11:58 GMT24 July 2021
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    Philippine President Rodrigo Duterte's new foreign policy approach toward Washington marks the beginning of a tectonic geopolitical shift in the Asia region. Donald Trump's victory in the November election is likely to accelerate this process.

    Philippine President Rodrigo Duterte appears to be upsetting Washington's Pivot to Asia strategy by bolstering his ties with China; however, a number of Asian Pacific nations may be about to follow in his footsteps.

    "I've realigned myself in your ideological flow and maybe I will also go to Russia to talk to Putin and tell him that there are three of us against the world — China, the Philippines and Russia. With that, in this venue, your honors, in this venue, I announce my separation from the United States," Duterte told a business forum in the course of his four-day state visit to China in October.

    Although the Philippine president clarified later that he hadn't meant to "sever ties" with Washington, his rhetoric marks a dramatic shift in the country's foreign policy, as Vladimir Svedentsov, a political analyst at the Russian Institute of Strategic Studies, remarked in an interview with Sputnik.

    "If [Duterte] really means what he says, we may see a serious shift towards a more balanced foreign policy, which has in mind not only the US but Russia and China as well," Svedentsov pointed out.

    In his recent article for New Eastern Outlook, American author and strategic risk consultant F. William Engdahl called attention to a political figure behind the recent Sino-Philippine rapprochement.

    "In one of his first acts as President this past July, Duterte announced that he had named former Philippine President Fidel V. Ramos as his Special Envoy to China," Engdahl wrote.

    The American author recalled that while being the Philippine president (1992-1998) Ramos "worked successfully to improve Philippine relations with China in all areas."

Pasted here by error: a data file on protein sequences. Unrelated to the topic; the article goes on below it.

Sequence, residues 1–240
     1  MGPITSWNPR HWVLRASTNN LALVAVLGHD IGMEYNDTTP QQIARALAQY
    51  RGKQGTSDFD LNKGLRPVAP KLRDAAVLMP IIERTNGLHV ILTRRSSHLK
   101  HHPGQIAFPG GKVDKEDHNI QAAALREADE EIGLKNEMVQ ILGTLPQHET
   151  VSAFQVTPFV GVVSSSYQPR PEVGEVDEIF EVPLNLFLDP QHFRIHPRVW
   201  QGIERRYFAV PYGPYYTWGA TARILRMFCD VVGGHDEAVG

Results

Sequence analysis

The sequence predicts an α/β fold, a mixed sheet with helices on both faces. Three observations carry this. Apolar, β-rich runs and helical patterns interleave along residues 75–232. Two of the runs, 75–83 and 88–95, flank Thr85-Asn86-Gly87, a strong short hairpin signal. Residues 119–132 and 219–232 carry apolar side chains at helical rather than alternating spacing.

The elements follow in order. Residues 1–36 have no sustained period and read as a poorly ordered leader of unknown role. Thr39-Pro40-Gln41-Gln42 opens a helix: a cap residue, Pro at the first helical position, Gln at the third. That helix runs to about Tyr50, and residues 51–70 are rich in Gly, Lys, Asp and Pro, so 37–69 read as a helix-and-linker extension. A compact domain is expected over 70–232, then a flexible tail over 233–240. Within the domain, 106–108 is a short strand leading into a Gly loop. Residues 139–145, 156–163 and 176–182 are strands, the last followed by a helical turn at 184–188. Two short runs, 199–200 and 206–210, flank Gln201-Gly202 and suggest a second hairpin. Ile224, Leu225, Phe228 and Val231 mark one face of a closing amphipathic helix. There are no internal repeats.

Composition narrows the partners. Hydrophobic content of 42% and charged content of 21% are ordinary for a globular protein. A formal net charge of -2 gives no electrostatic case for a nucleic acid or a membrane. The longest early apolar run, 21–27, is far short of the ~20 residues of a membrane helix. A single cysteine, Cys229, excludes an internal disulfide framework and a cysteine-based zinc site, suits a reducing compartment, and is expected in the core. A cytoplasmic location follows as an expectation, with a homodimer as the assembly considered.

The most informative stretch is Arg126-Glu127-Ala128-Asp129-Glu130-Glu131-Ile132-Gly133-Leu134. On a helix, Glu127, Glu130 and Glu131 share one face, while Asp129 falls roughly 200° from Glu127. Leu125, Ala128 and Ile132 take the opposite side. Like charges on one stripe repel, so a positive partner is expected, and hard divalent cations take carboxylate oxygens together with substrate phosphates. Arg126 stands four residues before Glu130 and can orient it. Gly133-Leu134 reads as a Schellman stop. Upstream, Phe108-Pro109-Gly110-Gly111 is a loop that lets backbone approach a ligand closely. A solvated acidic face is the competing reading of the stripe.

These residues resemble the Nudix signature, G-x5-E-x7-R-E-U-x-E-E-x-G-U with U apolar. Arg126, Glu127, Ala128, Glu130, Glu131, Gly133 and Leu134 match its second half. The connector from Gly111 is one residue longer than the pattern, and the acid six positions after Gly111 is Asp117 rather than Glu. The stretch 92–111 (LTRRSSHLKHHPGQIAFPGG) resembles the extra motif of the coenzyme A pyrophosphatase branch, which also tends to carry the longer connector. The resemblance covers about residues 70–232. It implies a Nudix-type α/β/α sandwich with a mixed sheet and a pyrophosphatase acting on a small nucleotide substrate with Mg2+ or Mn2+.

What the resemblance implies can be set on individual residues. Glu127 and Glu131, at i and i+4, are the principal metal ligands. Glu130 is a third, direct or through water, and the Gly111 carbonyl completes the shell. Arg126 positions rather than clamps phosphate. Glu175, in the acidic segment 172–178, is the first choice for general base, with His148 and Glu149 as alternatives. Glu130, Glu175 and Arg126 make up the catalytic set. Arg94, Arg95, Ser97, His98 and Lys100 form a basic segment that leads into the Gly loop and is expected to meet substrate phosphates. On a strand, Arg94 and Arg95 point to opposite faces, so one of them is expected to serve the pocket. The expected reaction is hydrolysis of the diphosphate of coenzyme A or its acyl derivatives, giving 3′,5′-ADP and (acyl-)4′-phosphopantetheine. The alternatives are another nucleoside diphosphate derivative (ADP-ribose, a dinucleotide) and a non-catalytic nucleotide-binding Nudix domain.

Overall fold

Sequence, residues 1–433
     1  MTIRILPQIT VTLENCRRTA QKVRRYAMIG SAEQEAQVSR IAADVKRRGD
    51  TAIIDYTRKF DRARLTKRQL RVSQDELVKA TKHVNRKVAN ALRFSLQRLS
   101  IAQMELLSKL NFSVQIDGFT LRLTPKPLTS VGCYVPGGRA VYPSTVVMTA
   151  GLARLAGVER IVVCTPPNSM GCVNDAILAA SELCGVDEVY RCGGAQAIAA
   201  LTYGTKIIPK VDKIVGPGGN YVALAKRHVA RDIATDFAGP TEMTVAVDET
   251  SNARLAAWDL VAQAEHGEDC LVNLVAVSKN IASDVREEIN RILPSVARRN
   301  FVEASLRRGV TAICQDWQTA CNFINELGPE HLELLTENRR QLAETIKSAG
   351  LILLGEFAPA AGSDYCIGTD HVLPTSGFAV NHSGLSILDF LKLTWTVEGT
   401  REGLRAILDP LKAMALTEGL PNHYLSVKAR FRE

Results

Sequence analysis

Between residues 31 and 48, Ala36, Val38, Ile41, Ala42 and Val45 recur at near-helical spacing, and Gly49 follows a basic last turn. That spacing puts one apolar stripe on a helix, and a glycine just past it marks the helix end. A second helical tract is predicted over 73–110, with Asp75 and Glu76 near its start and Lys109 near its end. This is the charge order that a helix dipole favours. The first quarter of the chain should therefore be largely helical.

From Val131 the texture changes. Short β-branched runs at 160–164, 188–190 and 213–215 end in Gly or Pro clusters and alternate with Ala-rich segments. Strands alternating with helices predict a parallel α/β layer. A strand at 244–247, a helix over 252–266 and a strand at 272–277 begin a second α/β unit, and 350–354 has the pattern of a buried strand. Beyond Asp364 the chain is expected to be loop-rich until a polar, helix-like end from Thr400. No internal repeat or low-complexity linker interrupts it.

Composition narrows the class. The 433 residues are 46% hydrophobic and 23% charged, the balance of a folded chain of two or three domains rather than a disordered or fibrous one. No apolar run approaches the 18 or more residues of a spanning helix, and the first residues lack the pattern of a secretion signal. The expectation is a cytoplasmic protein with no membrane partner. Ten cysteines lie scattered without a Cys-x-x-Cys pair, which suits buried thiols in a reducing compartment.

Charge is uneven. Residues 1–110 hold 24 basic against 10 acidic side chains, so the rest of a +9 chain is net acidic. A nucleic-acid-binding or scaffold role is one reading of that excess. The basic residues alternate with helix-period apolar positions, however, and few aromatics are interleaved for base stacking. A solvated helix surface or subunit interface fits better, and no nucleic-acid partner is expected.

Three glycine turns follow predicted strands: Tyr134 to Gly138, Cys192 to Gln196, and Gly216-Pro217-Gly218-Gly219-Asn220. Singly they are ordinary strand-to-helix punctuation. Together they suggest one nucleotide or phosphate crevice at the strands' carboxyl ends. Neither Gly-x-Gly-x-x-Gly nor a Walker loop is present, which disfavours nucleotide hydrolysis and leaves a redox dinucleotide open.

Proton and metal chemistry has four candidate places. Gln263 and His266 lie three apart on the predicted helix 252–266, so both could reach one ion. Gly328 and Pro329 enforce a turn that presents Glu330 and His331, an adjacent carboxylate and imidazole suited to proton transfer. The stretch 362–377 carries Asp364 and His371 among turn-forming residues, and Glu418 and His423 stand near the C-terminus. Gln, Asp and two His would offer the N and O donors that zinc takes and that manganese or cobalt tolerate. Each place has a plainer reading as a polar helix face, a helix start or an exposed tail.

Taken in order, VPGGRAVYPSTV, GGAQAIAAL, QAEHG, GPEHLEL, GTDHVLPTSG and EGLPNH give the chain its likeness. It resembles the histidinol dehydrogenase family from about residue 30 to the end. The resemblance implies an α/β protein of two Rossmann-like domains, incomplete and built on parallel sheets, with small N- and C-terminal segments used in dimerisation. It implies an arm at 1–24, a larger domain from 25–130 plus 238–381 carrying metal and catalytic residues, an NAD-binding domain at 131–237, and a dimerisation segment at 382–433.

According to Engdahl, Duterte's move has marked the beginning of a tectonic geopolitical shift in the Asia region.

    He suggested that Vietnam might follow in the Philippines' footsteps.

    The US author noted that in late August, Vietnam's Defense Minister General Ngo Xuan Lịch, "paid a highly unusual visit to the mausoleum of Mao Zedong in Beijing" and announced that the Vietnamese would never forget that China lent its helping hand to the nation during the Vietnam War.

    For his part, Vietnam's Prime Minister Nguyen Xuan Phuc stated that Hanoi sees the Sino-Vietnamese relationship as the top priority of its foreign policy during his September meeting with his Chinese counterpart Li Keqiang.

    At the same time, as Bangkok-based geopolitical analyst Tony Cartalucci observed in one of his analyses for New Eastern Outlook, Washington's longstanding ally Thailand has recently "incrementally dismantled American influence over it" and substantially diversified its foreign policy contacts.

    Giving Washington yet another black eye, Malaysia's Prime Minister Najib Razak has also signaled his willingness to bolster bilateral ties with China.

    During his November visit to the country along with several dozen government leaders and business people, Razak signed a number of new agreements and understandings which brought Sino-Malaysian relations to a higher level.

    "One by one, Asia Pacific nations are seeing no economic value in being allied to the United States, and they are opting out of the US geo-economic and geopolitical orbits," Mathew Maavak, a doctoral researcher in Risk Foresight at Universiti Teknologi Malaysia (UTM) and regular contributor to CCTV, noted in one of his interviews with Sputnik.

    "The Asia Pacific remains a high growth region with the notable exception of Japan and Singapore, whose economies are actually contracting," he stressed.

    The question then arises whether Donald Trump's victory in the US presidential election may change the trend.

    On Wednesday Duterte congratulated Trump on his election victory during a visit to Malaysia.

    "I would like to congratulate Mr. Donald Trump. Long live. We both curse. Even with trivial matters, we curse. I was supposed to stop because Trump is there. I don't want to quarrel anymore, because Trump has won," Duterte said, as quoted by Reuters.

    So does it mean that everything is back to normal?

    According to The Philippine Daily Inquirer, Duterte's statement does not necessarily mean that the two countries will become closer.

    Citing sociologist and former lawmaker Walden Bello, the media outlet suggested that the combination of Trump's election and Duterte's new diplomacy "might accelerate the Philippines' distancing from Washington."

    For his part, Trump won't prevent the Philippines from drifting toward China and may even abandon the US pivot to Asia strategy, Bello believes.

    "Trump is bound to abandon Obama's pivot to the Asia-Pacific, as he seems more concerned about building a wall across the US-Mexican border than containing China's military might," the media outlet remarked.


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    pivot to Asia, 2016 US Presidential election, Nguyen Xuan Phuc, Rodrigo Duterte, Najib Razak, Donald Trump, Barack Obama, Asia-Pacific, China, US, Russia, Malaysia, Vietnam, Thailand, Philippines
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